Let me throw in more considerations now about some of the most important achievements of our kindred: money (and credit by extension), transport engineering (both infrastructures and various vehicles), intercultural exchanges. Money is probably the most revolutionary achievement in terms of fast steps forward of our civilization: it allowed us to replace physical goods with something of a nominal value which could be transferred everywhere without having to worry about big volumes, capacity, expiration and so on. I deem it’s easy to get how important money was; it rapidly changed the way we could trade and it was adopted very easily by everyone who got in contact with the idea. In the very beginning money was nothing other than the raw value of the precious metals/stones used for barter, later that value was coined with the effigies of the ruler/dominion that owned that precious metal, until at the end it turned into something completely nominal (including checks, bank credit, etc). Money is also a sort of register of important political or social events, as depicted on the coins themselves.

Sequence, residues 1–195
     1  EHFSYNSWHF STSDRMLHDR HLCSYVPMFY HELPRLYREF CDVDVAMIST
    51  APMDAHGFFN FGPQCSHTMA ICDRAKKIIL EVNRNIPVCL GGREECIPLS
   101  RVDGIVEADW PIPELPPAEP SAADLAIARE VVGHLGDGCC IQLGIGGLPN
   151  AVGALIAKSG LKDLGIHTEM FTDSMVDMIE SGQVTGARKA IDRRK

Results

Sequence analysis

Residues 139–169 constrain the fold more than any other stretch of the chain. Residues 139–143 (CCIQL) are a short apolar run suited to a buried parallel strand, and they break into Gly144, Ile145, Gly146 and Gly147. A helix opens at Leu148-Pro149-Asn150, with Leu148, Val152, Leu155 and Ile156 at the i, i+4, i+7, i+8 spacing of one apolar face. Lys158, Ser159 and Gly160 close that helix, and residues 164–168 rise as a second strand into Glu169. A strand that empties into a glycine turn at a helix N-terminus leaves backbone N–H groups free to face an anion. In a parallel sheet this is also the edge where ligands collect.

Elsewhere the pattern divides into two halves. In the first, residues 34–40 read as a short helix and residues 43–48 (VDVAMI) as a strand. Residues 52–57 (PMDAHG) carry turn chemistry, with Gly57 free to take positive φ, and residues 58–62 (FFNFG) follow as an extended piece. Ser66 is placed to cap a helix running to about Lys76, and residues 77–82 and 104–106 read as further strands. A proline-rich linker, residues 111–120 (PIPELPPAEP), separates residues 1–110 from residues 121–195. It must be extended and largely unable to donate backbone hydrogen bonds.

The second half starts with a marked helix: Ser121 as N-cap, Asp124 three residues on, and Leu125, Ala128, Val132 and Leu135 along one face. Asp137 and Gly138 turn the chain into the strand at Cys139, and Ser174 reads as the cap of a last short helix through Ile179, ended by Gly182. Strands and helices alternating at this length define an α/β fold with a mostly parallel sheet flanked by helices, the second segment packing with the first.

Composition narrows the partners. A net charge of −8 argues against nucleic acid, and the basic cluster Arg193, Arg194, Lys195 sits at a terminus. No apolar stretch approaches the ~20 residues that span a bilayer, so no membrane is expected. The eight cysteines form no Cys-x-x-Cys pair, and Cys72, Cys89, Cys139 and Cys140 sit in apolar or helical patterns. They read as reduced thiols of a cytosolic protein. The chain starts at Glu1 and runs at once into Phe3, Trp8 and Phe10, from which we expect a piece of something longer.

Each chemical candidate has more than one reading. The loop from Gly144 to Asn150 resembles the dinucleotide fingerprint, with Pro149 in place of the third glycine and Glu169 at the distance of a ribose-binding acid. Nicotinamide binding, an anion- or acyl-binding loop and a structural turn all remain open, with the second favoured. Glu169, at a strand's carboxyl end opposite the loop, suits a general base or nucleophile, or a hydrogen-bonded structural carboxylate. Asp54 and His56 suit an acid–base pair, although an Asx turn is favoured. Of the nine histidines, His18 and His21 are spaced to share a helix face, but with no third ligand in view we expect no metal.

Many periods of our history would have still remained "dark" had not the spade brought to light the various important hoards having remarkable bearing in the history and culture of the periods concerned. The dumb and tongueless coins, like other antiquities, have been the mute recorders of some of the wonderful events concerned with many a period of our history which would have otherwise remained absolutely forgotten and ignored. Harbingers of culture, they speak of various political upheavals that shape and change, from time to time, the currents of the annals of a country." (p. 297)
    "A Study of Barter and Exchange in Ancient India" Journal of the Economic and Social History of the Orient, Volume 15, Issue 1 (1972), by Upendra Thakur